Creating a training program for plumbers

Aug. 5, 2015
Plumbers without training wing it on every call. The result is lost opportunity, money left on the table and more callbacks. There are basic training needs you need to include in your program, including technical and soft skills Finally, train on company procedures.
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Plumbers without training wing it on every call. The result is lost opportunity, money left on the table and more callbacks. Thus, a designed training program boosts sales, increases profit and reduces waste. Here’s how to put one together.

Professional athletes practice hours for every hour of game play. Ditto for musicians and other performers. You practice. You study. You learn. You tweak. You improve.

Concert violinist, Jascha Heifetz was considered, “the perfect violinist.” He said, “If I don't practice one day, I know it; two days, the critics know it; three days, the public knows it.”

How often do you train and practice? Once a week for 15 to 30 minutes during a service meeting? It’s not enough. Training is like bathing. It wears off, so practice it daily. Yes, daily.  Hold training meetings at the start of each day. Starting the day on a positive note is especially important for a service company where your team disburses and acts on their own for the rest of the day.

Basic training needs

The first area is technical. Most plumbers are pretty good turning a wrench. That doesn’t mean they are technically proficient across the board. Look at your callback history and use that to identify technical deficiencies to improve with training. Periodically, train on fundamentals, such as brazing. Can they do it faster? Better?

The second area is soft skills. This excites company owners because better soft skills directly impact the top and bottom lines. Surprisingly, most plumbers eat it up as well. Who wouldn’t want to improve communication skills, listening skills and learn how to represent one’s self and the company better?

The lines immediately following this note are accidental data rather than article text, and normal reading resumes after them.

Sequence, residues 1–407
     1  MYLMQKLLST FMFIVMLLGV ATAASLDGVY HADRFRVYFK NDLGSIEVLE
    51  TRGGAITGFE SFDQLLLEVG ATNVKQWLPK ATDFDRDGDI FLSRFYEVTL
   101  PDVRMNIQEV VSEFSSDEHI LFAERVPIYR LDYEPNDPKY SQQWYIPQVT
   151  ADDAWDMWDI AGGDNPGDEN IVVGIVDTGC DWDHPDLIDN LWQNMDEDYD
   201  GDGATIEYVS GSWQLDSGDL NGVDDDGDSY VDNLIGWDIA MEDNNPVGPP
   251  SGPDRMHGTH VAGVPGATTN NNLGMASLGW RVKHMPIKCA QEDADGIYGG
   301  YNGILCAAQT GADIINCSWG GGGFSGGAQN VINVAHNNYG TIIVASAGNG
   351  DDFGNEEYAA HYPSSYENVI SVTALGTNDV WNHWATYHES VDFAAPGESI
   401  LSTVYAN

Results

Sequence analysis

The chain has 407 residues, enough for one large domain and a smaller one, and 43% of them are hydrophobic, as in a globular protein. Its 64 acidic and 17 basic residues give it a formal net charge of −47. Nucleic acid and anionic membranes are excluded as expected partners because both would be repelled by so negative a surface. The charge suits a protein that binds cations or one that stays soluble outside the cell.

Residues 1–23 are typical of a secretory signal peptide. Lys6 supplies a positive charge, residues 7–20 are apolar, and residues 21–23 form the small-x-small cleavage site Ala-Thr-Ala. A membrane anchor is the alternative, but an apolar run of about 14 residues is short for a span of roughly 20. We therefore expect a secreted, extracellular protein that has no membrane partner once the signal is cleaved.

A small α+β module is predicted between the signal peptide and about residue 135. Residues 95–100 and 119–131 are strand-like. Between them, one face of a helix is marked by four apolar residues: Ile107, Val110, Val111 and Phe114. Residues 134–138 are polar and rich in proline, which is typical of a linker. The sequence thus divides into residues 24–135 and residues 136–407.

Finally, train on company procedures. Sometimes procedural training is related to a service call.  These are the steps to follow. Other procedural training is related to company paperwork, such as the exact way you fill out an invoice.

Different learning styles

Each of us has a preferred learning style. The three styles are auditory (listening), visual (watching) and kinesthetic (doing). It is likely that the dominant learning style with plumbers is kinesthetic, or hands on.

According to research of secondary school students conducted by the University of Illinois, 50% of students learn by doing, 40% learn by watching and 10% learn by listening. Yet, 80% of instructional delivery is auditory. 

That’s secondary schools. How about your company? Does most of your training consist of the owner or service manager lecturing to a room full of plumbers? How can you better engage your plumbers and make more training hands on?

Make it fun

There is not a law requiring training to be boring or dry. It can be fun. Make it fun by adding a competitive element to it. Ask technical or customer service questions and give points for getting the answer right. Give your plumbers 20 one-dollar bills for a truck inspection with the proviso that they have to give one back for each deficiency found.